My time, as it were, has turned me into someone who sees ‘sides’, polarity, dichotomy, very readily. I don’t think its any co-incidence that I’m studying relationships – dichotomy again – or religion, and how people have experienced it. Will someone growing up now, see the Reformation differently? As a group of extremists – early Protestants – doing all in their power, to force the masses to worship the way that they wish? They wouldn’t necessarily be wrong, just different. This is why in studying History, we study not only the facts of the past, which are relatively straightforward – e.g. Henry VIII died in January 1547 – but also the shifting theories, the shifting histories. Never mind ‘Who do you think you are’ … ‘WHEN Do you think you are’ becomes important too. It shapes your thinking, and that self-awareness is critical when developing a history. For that reason, I think, all historians should have an awareness of modern history, at least as it pertains to their own lifetime. The idea that scholars can live, oblivously, in an ivory tower, has long gone. And good riddance too.

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A quick catch up on the last few weeks…. they have been busy. Unfortunately, not so busy with my studies! Between housework (or work to do with the house, to be more accurate), home admin stuff (the car needs MOTing, for example), other admin, work that I’m doing for Leicestershire Victoria County History – and voluntary research for Charnwood Roots… I have done my own work but not so very much of it. This will be changing though – next week, I will be heading into the archives in Hereford and I am thoroughly looking forward to it!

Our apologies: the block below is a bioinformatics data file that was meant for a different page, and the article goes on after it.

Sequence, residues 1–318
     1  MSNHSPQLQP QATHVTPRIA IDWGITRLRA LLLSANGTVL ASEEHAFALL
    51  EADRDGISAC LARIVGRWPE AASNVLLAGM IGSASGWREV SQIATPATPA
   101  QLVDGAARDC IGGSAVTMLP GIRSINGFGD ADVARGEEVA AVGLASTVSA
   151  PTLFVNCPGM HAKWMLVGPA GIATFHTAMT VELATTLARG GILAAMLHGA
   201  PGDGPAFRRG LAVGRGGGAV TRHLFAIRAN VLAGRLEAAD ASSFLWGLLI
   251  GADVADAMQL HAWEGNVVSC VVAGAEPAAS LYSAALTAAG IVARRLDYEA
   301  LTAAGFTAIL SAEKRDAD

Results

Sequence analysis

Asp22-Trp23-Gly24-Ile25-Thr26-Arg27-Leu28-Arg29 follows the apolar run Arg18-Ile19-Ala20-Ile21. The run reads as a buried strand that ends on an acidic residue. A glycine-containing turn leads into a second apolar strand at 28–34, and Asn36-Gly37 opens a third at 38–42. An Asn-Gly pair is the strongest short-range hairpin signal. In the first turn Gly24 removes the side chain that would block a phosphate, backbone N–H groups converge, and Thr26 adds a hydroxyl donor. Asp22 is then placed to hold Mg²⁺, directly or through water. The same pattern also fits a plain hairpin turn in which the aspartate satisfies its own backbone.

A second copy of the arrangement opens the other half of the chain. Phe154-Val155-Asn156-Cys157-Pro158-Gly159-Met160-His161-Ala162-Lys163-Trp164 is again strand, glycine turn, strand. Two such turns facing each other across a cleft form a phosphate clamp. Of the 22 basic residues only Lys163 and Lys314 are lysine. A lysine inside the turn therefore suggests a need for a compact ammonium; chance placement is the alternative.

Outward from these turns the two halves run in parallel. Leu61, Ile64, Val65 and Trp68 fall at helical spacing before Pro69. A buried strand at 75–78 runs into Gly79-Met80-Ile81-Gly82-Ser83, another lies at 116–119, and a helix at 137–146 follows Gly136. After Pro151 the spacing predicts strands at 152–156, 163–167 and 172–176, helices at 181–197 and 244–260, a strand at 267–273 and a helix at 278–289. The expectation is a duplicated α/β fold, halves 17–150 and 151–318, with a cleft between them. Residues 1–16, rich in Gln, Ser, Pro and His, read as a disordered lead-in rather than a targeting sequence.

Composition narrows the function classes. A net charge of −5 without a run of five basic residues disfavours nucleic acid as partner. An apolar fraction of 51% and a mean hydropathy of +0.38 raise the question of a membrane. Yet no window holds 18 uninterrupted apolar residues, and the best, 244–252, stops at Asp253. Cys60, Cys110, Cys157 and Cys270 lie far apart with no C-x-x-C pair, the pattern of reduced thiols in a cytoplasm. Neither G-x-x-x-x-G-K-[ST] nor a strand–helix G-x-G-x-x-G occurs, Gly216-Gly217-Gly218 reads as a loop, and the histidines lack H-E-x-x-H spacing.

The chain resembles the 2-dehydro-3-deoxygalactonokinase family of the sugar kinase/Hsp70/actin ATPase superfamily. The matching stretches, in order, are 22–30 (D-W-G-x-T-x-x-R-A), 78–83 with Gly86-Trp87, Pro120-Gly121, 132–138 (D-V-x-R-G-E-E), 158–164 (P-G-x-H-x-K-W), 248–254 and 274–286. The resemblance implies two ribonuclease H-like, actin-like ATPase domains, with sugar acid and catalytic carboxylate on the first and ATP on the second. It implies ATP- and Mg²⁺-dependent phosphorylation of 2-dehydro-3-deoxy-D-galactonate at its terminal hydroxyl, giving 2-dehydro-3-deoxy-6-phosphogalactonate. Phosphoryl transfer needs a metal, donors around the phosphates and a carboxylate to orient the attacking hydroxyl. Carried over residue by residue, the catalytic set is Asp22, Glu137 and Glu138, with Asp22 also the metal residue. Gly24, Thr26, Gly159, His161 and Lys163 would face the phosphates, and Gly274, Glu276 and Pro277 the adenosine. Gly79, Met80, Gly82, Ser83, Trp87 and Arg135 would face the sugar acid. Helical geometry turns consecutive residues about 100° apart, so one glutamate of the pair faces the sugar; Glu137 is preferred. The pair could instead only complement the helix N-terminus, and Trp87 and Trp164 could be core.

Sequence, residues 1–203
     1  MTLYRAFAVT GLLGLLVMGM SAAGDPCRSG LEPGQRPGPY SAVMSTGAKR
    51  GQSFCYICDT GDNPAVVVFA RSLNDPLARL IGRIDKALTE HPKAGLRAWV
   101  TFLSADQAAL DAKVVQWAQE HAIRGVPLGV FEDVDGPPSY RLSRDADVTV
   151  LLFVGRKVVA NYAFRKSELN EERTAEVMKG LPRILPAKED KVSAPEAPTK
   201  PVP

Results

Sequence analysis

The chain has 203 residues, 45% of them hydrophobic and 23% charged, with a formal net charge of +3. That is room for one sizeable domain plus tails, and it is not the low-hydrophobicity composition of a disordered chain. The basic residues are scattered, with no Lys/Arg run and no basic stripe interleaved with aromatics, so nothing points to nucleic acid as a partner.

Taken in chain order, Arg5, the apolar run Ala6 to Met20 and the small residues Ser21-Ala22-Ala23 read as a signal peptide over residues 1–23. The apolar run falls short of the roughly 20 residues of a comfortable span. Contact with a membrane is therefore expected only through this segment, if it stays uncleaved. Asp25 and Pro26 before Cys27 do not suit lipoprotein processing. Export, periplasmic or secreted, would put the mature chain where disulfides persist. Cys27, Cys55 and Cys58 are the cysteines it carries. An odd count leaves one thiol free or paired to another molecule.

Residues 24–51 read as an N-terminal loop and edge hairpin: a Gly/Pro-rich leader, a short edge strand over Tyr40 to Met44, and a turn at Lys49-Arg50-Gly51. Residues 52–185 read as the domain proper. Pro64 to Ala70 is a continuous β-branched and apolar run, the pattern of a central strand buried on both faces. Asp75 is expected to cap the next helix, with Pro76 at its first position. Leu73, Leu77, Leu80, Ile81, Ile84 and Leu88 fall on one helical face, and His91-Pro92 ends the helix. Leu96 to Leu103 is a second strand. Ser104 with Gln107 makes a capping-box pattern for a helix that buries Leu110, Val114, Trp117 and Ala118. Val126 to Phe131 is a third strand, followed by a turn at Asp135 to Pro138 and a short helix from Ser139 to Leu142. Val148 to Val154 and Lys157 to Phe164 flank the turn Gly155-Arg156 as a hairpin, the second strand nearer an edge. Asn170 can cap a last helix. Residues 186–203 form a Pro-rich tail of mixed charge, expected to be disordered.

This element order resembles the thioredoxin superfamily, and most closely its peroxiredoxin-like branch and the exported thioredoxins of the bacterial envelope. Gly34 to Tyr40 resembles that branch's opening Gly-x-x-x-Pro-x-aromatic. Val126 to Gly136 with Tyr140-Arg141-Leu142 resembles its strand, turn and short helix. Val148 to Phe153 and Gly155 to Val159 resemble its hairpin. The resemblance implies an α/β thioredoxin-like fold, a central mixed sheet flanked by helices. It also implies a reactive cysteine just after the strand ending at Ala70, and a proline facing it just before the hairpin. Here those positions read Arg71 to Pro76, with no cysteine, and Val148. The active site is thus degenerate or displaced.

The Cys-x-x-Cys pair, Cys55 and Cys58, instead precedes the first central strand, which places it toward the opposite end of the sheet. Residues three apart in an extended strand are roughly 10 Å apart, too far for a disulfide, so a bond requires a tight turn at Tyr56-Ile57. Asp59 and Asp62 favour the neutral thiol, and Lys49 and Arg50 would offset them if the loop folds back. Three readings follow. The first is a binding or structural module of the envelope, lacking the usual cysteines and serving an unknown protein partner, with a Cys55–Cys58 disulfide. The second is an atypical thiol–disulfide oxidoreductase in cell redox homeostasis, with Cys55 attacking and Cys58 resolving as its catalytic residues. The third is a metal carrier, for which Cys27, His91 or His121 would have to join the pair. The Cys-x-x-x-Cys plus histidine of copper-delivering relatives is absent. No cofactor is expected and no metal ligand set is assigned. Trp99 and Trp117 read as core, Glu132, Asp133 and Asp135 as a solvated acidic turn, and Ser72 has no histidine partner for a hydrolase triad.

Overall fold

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… daily PhD?

… maybe not. Not so sure that particular style is working for me – as evidenced by the lack of daily posts. There is only so much one can say about reading articles after all (I may as well post my notes), and I suspect at this point that won’t change until the second year of PhD studies.

Quite how this is going to shift, I don’t know. But it is a young blog, and blogs often take a while to find their feet, to settle down into their style. I’m not too concerned about that. Maybe a weekly post would work better. Let’s try it, for now:

Monday morning was primarily spent away from my studies, catching up with a few necessities like food shopping and so on. I still have to eat! I spent the afternoon working through a few ideas for increasing the social media use and engagement of a project that I’m going to be working on, in preparation for a meeting on friday. I started to read through an article, but had to leave to collect my partner from the station before I could finish it, unfortunately. In that respect, its a forced ending to my day – 6.15pm or so, is when I more or less have to down tools. I can’t decide whether that’s a blessing or not – I suspect it both is, and isn’t.